Types 1812-16

The officer on the left of this painting by H Oakes Jones wears a greatcoat which has a caped collar. The gorget, sword belt and waist sash are worn over the coat. His source for this must have come from a Hamilton Smith print. The lieutenant next to him has the short jacket of the period which is buttoned over to reveal gold button loops on the red cloth. The gold shoulder wings, normally worn only by flank company officers were worn by all officer of the regiment. The officer in the middle with his back to us is a field officer as shown by the gold epaulettes on top of his shoulder wings. This odd fashion lasted about a decade. The back of his fur cap shows a red circle with a gold embroidered grenade. His sword is slung from a waistbelt worn under his jacket. This is because he would normally be on horseback on parade. They all wear grey overalls. On special occasions they would wear white or pale buff breeches with knee boots.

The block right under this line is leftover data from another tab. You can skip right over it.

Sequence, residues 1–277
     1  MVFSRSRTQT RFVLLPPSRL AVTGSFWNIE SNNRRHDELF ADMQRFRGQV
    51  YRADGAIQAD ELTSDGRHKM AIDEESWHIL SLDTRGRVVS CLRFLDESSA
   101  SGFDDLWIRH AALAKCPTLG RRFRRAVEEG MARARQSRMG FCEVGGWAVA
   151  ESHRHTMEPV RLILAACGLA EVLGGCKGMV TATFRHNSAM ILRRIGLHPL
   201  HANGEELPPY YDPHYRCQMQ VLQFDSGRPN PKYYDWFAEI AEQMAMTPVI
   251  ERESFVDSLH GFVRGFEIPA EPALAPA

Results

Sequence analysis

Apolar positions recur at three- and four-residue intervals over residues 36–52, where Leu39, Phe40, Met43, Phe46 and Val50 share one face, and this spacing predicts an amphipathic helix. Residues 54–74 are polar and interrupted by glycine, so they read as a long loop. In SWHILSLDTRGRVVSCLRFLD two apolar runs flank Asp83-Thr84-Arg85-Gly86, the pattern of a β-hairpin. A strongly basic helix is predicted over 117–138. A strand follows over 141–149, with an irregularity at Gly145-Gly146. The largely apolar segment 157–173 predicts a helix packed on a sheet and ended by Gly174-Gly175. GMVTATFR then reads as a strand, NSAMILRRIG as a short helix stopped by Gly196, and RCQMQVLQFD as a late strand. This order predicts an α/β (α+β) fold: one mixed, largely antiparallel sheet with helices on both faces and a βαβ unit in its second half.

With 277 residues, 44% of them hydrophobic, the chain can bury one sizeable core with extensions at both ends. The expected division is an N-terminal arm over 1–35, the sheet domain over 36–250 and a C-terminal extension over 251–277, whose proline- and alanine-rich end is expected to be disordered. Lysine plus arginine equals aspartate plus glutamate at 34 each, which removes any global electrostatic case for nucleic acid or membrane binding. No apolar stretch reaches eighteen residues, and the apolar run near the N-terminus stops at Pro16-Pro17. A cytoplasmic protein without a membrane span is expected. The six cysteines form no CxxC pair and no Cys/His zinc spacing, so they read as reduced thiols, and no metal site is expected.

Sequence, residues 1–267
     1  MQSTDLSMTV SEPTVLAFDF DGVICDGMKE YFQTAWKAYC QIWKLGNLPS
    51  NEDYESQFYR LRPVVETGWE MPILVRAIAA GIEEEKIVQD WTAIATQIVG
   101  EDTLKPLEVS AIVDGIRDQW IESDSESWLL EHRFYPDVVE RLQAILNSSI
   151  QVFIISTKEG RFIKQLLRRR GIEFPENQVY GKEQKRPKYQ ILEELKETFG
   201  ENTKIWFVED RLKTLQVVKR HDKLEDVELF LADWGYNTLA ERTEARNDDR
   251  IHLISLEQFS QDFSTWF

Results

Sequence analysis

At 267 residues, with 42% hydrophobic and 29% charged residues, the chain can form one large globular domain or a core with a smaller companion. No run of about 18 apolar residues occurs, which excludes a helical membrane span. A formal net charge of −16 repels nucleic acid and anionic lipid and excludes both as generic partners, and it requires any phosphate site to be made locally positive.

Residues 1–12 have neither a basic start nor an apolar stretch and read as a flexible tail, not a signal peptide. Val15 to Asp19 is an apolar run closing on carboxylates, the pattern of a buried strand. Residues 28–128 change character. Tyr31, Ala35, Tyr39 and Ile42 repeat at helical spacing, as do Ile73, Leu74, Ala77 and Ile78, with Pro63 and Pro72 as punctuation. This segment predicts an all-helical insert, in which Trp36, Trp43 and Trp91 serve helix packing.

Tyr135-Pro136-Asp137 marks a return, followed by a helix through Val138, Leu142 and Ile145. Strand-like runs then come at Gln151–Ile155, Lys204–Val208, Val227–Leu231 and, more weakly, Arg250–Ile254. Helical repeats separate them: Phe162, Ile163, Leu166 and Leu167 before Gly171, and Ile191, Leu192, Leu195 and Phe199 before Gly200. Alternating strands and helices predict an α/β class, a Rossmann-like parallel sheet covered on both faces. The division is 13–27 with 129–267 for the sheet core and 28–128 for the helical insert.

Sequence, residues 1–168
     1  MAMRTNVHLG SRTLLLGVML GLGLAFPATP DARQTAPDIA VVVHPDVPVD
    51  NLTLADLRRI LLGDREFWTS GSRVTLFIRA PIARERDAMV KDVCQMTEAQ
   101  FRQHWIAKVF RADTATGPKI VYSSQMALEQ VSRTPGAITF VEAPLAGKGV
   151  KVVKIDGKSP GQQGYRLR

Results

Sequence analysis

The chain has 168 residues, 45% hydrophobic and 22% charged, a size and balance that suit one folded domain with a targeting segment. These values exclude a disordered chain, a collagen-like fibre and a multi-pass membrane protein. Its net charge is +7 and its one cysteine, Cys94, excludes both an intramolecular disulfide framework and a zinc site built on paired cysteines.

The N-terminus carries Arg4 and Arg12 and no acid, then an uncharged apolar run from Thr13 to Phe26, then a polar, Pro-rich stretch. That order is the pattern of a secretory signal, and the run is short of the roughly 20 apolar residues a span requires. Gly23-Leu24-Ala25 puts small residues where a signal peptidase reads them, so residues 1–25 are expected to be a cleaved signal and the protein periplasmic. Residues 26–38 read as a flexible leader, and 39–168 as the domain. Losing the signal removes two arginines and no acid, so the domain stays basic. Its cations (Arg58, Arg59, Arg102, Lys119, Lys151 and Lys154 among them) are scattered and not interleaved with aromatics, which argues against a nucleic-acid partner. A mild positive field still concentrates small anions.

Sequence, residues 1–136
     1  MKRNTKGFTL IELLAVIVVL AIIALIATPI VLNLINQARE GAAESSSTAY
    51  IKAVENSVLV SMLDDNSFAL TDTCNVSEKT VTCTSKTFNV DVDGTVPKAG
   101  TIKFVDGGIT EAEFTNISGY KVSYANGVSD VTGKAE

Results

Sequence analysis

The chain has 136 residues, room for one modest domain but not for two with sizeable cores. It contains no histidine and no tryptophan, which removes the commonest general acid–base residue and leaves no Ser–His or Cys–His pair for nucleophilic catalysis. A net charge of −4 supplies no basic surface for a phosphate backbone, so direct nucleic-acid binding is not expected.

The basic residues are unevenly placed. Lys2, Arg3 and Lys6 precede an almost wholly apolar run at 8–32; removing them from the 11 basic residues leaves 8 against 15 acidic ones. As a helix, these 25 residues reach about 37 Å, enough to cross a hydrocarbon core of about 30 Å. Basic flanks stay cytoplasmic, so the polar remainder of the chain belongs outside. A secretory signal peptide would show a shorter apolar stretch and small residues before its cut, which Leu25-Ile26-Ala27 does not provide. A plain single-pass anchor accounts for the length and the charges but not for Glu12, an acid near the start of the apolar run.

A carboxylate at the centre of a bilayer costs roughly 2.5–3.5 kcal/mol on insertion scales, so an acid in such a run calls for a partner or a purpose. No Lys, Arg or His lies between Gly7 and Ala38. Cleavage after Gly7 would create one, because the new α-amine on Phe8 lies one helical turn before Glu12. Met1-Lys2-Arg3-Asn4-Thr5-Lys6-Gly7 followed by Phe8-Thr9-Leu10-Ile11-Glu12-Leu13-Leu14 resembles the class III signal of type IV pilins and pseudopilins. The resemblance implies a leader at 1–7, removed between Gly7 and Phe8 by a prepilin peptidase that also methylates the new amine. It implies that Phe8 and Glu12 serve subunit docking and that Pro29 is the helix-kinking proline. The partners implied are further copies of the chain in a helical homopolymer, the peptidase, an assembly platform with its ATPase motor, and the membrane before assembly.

The figures on the right are a fusilier and a Colour Sergeant. The fusilier is in marching order with a valise on his back and a rolled greatcoat. The valise was badly designed and unpopular, the cause of much grief on the retreat to Corunna in 1809. Both of them have shoulder wings but the Colour Sergeant has only one belt, slung over his right shoulder, for the sword. He has no need of the belt that supports the ammunition pouch as he does not have a fusil, only a spontoon. His rank is denoted by a single-stripe Colour badge on his right arm and three stripes on his left. The crimson and blue sash around his waist was worn by sergeants and warrant officers. All ranks had peaks on the front of the fur cap.

Regimental Details | Uniforms


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by Stephen Luscombe